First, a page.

Cover Image

Not for Sale

View/Hide Left Panel
Click for next page ( 23

The National Academies | 500 Fifth St. N.W. | Washington, D.C. 20001
Copyright © National Academy of Sciences. All rights reserved.
Terms of Use and Privacy Statement

Below are the first 10 and last 10 pages of uncorrected machine-read text (when available) of this chapter, followed by the top 30 algorithmically extracted key phrases from the chapter as a whole.
Intended to provide our own search engines and external engines with highly rich, chapter-representative searchable text on the opening pages of each chapter. Because it is UNCORRECTED material, please consider the following text as a useful but insufficient proxy for the authoritative book pages.

Do not use for reproduction, copying, pasting, or reading; exclusively for search engines.

OCR for page 22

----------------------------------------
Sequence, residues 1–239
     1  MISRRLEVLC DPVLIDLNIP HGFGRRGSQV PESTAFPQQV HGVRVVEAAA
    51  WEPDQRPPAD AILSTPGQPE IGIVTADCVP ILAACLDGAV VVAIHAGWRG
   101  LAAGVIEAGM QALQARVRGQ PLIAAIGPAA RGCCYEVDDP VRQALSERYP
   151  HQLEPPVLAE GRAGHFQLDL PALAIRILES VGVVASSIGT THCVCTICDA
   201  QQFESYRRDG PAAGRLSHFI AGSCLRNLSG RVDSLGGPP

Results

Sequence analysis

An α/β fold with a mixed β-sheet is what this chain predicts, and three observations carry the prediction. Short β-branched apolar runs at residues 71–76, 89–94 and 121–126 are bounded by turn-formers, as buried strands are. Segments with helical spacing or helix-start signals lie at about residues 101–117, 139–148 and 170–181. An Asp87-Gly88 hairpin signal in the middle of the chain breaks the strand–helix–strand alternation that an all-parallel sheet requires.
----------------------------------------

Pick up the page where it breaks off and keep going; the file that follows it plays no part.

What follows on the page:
22 20 Number of Drivers 15 (N=42) 10 5 0 .0 .01-.10 .11-.20 .21-.30 >.30 Critical Incident/Hour Figure 9. Frequency distribution of other driver critical incident rates among 42 local/short-haul truck drivers (adapted from Hanowski et al. 2000). besides driving safety; most notably, it is relevant to cargo and for a commercial driver's license (CDL), and specific dis- other operational security. Sixty-one percent of responding qualifying medical conditions (per 49 CFR 391.41) include safety managers check a driver applicant's criminal record, vision and hearing impairment, diabetes, and epilepsy. although this was not rated as among the most effective safety management practices. Checking a driver's credit history has been suggested as a way to assess dependability and stability, 4.4.1 Sleep Apnea but only 21% of safety manager survey respondents reported In the past decade, sleep apnea has been one of the most doing this, and it was rated as the least effective practice of the studied medical conditions in terms of its relationship to crash eight presented. risk. Sleep apnea is a breathing disorder characterized by brief interruptions of breathing during sleep. Among the general 4.4 MEDICAL CONDITIONS AND HEALTH population of drivers, sleep apnea has been shown to increase the likelihood of being involved in vehicular crashes anywhere Driving is a task requiring various physical abilities for sat- from two- to sixfold (see Table 10). That is, drivers with isfactory safety performance. Medical conditions and health sleep apnea are two to four times more likely to have a motor status can have a significant impact on drivers' performance vehicle accident. Further, Young et al. (1993) estimated that if their cognitive, perceptual, and psychomotor skills are approximately 4% of middle-aged male drivers, the predomi- affected. Drivers must pass a medical examination to qualify nant population of truck drivers, may have some form of sleep TABLE 10 Elevated crash risks (odds ratios) associated with various medical conditions per various studies Odds Ratio: Crash Study Sleep-Related Medical Condition Risk Teran-Santos et al. (1999) Sleep apnea (AHI 10) 6.3 Wu and Yan-Go (1996) Sleep apnea 3.0 Young et al. (1997) Sleep apnea: (AHI 5-15) 4.2 Young et al. (1997) Sleep apnea: (AHI >15) 3.4 Connor et al. (2002) Acute sleepiness 11 Masa et al. (2000) Habitually sleepy drivers 13.3 Cummings et al. (2001) Drowsiness 14.2 Note: All studies involved non-commercial drivers. AHI = Apnea/Hypopnea Index (a measure of sleep apnea severity).